The Genuine Heart of Sadness

Awhile ago, I was fortunate enough to be at Himalayan Views, a nearby spiritual gift shop/bookstore, to hear a woman describe one of those moments.  Suffering from what had beeen diagnosed as "clinical depression" since adolescence, she had come across one of Pema Chodron's teachings years later that focused on what Pema's teacher, Chogyam Trungpa called "the genuine heart of sadness. "

Zap!

As the woman read that passage that day, an awakening had come in a flash.  Reality asserted itself.  She knew
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Friday, April 7, 2017

Always Maintain a Joyful Mind?

It's been another busy week.  With hours of Doctor's appointments and long, complicated telephone calls, one hour commutes, and chores and errands for two, I didn't find much time to work on this week's post.  So, in anticipation of our first REAL sun sparkler spring day,  I'm sharing this early April post from three years ago again.  It brought a smile to my face
 -- and,  I hope Mother Nature takes the hint!
One Love,
Lance

Always Maintain a Joyful Mind?
Originally Posted, April 3, 2014

“When you do things from your soul, you feel a river moving in you, a deep joy.” 
-- Rumi

 "Notice everything. Appreciate everything, including the ordinary. 
That's how to click in with joyfulness or cheerfulness."
-- Pema Chodron


I actually didn't mind the long, intense winter at all this year here in Western Massachusetts.  The abundant snow and ice were just fine with me.  Even a frigid February that extended its way through the month of March didn't seem to phase me.  It was what it was.  In fact, it was often quite grand.

That being said, Tuesday here in the Pioneer Valley was different.  Although Spring had occasionally whispered in our ear for weeks, on Tuesday she stepped up to the microphone and proclaimed in no uncertain terms, "I'M HERE!"

And everybody knew it.

On the sun washed sidewalks of Greenfield, good cheer was ubiquitous.  Steps were lively.  Joyful Mind was in the air, palpable -- and shared.  Strangers greeted one another with nods and smiles.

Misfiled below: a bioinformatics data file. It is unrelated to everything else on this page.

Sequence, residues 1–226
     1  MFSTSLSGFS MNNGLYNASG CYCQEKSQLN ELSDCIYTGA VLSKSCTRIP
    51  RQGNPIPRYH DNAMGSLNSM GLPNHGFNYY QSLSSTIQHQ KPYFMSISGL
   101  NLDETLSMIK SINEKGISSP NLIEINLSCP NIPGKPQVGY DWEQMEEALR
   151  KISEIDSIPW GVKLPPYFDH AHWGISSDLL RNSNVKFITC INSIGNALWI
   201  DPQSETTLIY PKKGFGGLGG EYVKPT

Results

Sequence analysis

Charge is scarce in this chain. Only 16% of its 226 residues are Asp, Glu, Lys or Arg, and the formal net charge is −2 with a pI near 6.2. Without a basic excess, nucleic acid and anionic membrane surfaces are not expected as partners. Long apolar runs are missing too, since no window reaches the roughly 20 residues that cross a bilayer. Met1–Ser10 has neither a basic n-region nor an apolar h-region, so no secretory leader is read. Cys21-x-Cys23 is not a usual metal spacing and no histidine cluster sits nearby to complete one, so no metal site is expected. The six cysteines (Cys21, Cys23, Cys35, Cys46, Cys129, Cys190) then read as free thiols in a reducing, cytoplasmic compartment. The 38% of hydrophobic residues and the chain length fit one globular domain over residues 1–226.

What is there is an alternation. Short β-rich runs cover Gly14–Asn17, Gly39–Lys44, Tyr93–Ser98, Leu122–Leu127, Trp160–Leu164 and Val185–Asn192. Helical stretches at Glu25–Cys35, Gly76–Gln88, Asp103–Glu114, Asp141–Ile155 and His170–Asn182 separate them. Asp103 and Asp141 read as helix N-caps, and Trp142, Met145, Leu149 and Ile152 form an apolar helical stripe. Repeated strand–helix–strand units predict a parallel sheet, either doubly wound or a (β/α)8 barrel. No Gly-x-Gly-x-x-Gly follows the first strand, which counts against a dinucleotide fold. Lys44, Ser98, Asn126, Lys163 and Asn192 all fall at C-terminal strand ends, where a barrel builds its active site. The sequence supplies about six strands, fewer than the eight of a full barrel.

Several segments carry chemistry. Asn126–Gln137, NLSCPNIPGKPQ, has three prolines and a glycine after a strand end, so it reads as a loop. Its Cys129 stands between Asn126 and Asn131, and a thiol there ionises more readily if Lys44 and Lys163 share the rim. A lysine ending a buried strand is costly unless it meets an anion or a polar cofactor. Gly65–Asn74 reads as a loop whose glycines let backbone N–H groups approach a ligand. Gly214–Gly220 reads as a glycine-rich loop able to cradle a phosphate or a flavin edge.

Although I was acutely aware that here in Western Massachusetts the strains of George Harrison's "Here Comes the Sun" could quickly morph into "Hit Me With Your Best Shot" in the grand soundtrack of Mother Nature's movie, it didn't matter.  It was a done deal.  Mother Nature could turn on a dime to blow yet another Nor'easter in our face (it was April Fool's Day after all),  and I'd just blow her a kiss.  We were home free.  Spring had arrived!

In the Lojong Training of Tibetan Buddhism, a series of aphorisms is memorized, studied, and used in training the mind to expand beyond it's usual conditioned patterns.  Operating as mental reminders to frame our experience in particular ways -- both on the meditation cushion and off -- these 59 slogans, arranged as 7 main points, can be quite helpful in cultivating an open heart and a clear head.  Prompted by one of the regulars at Monday Morning Mindfulness, I've jumped into an exploration of Lojong for eight or nine months now.  Being at heart a Spiritual Practice Geek, I've read and re-read the presentations of Chogyam Trungpa, Pema Chodron, and Zen Teacher Norman Fischer, surfed through the on-line course of commentaries by Acharya Judy Lief, poked around for other commentaries.  (In the past year, I've also poured through the commentaries by B. Alan Wallace and Traleg Kyabgon)

Some of these slogans seem pretty obvious: Don't be jealous, don't malign others, etc.   We probably have heard them from our parents, Sunday school teachers, from some of our kind and upstanding friends. Others call for an understanding of the basic principals and teachings of Mahayana Buddhism or some of the unique notions of Tibetan Buddhism.   Reading the commentaries by contemporary teachers usually brings them into focus pretty quickly and makes them accessible and applicable.

Then there are some like slogan 21:  Always Maintain A Joyful Mind!

I think a common first reaction to that is "WTF?  Are you kidding me?"